Congdon v. Goodman and Bledsoe - 67 U.S. 574 (1862)
U.S. Supreme Court
Congdon v. Goodman and Bledsoe, 67 U.S. 2 Black 574 574 (1862)
Congdon v. Goodman and Bledsoe
67 U.S. (2 Black) 574
A controversy in which no right is claimed under the Constitution or laws of the United States, but which turns entirely upon the validity or interpretation of state laws, is exclusively within the jurisdiction of the state court, and this Court has no appellate power over its judgment.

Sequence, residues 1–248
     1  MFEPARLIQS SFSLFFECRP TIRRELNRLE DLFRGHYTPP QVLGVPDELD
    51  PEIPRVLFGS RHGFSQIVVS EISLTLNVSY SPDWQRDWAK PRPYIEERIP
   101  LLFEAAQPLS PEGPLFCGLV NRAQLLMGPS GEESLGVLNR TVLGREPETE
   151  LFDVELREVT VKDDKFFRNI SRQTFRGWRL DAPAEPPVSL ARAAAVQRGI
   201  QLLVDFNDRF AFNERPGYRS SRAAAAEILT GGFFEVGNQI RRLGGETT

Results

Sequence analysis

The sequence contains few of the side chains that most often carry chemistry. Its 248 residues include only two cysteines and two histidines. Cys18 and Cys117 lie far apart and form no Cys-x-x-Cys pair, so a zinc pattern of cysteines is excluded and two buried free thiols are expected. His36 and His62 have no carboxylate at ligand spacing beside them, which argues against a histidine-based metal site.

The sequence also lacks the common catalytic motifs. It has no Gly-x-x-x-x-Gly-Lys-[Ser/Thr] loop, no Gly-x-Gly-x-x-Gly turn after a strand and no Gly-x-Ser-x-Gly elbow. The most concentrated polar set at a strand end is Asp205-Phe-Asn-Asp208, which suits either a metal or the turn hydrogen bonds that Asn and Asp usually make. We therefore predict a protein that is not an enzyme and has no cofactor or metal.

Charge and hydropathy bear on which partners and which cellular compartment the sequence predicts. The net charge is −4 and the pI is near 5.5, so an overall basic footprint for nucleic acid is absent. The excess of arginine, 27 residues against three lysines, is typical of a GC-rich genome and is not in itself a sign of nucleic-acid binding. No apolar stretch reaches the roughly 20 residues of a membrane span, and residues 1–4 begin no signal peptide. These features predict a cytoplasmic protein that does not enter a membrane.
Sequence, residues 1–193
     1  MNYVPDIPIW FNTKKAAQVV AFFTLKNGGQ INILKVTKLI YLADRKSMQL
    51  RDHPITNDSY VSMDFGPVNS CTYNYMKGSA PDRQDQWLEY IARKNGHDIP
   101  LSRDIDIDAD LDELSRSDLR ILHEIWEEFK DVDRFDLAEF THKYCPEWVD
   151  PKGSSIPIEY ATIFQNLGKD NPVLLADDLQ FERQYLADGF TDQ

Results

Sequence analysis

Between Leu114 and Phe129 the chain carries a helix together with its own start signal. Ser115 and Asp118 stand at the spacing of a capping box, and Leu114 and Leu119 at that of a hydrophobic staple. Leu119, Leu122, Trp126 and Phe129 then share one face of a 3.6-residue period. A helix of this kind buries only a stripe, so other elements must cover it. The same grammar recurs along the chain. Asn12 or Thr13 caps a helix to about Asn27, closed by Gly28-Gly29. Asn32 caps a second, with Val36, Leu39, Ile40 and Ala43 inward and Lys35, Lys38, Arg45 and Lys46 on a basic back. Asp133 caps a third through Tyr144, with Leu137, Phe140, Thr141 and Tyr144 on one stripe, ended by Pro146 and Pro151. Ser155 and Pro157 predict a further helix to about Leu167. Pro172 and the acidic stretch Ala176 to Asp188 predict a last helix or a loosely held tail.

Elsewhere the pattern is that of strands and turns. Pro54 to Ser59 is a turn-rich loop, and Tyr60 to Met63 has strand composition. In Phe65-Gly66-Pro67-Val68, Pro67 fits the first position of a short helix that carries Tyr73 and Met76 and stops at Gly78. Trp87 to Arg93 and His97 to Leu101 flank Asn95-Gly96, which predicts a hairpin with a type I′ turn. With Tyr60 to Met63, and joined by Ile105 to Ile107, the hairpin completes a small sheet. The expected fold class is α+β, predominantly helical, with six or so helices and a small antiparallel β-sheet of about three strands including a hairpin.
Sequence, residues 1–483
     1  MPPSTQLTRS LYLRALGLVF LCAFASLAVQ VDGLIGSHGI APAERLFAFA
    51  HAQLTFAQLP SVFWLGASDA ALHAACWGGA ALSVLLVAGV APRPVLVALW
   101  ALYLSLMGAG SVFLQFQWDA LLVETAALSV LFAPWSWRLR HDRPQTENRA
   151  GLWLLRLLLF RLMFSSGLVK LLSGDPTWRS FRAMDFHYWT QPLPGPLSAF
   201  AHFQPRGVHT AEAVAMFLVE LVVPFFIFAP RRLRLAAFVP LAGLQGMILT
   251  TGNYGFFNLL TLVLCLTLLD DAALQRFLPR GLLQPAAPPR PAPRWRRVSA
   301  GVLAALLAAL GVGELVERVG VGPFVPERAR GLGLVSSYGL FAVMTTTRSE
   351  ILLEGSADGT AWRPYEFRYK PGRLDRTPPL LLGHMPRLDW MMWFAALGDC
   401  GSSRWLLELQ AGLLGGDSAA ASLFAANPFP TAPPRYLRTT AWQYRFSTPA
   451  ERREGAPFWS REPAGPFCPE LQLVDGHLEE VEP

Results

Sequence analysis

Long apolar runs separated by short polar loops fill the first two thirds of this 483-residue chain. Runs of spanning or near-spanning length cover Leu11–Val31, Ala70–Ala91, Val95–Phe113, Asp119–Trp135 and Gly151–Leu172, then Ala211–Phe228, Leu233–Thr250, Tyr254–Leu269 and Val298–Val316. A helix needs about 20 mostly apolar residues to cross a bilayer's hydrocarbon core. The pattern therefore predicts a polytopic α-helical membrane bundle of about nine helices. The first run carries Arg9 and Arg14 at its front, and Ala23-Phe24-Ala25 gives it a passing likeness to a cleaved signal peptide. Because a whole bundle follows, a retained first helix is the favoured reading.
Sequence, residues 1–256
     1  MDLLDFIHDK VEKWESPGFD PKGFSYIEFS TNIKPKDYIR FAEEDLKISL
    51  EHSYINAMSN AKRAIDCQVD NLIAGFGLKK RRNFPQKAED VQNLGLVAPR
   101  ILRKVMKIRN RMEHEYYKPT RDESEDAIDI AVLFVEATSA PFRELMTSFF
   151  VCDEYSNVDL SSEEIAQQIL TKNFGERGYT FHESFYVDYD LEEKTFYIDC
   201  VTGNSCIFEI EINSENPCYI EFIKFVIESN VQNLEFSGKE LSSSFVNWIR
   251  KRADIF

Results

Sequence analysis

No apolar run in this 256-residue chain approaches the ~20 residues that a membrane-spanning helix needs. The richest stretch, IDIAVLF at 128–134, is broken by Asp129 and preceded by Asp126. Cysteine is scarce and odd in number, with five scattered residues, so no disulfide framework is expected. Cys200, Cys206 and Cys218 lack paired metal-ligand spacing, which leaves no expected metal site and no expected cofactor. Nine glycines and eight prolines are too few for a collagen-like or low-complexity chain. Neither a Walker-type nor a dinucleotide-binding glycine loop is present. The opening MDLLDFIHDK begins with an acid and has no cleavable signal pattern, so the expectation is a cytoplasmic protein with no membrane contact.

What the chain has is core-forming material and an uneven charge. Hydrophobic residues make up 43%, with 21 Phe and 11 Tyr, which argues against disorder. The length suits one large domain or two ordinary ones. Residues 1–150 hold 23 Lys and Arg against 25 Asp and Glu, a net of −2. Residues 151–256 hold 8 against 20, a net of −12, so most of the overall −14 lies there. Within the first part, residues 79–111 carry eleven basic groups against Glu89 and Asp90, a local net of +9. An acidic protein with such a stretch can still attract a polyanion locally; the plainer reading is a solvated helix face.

The defendants in error in this cause were the Common School Commissioners of the Eighth Civil District of Polk County, Tennessee, who in that character filed their bill on the 13th of February, 1856, in the Chancery Court at Benton, to impeach and set aside a lease for ninety-nine years, made by their predecessors, of the common school section of land in that district, and a sale made of the same land under an order of the circuit court of the county. The validity of the sale and lease was impeached and maintained upon the authority of state laws. The chancery court dismissed the bill. On appeal to the Supreme Court of Tennessee, the decree was reversed and the case remanded for final proceedings. Defendants below thereupon sued out their writ of error in the Supreme Court of the United States.